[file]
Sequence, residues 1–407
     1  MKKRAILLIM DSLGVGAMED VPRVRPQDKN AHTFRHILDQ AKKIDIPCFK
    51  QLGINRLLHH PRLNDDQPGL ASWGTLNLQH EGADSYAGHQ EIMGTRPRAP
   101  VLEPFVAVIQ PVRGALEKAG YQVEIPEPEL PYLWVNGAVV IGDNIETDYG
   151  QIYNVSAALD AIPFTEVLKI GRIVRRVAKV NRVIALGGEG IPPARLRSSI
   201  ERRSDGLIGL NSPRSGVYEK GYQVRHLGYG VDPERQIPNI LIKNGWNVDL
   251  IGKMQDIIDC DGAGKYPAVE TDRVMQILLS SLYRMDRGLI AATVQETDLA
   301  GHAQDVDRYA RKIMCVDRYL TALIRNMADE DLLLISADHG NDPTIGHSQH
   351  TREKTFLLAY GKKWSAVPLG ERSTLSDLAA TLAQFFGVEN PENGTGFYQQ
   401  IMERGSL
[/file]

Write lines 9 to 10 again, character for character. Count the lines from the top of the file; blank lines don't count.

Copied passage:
   351  TREKTFLLAY GKKWSAVPLG ERSTLSDLAA TLAQFFGVEN PENGTGFYQQ
   401  IMERGSL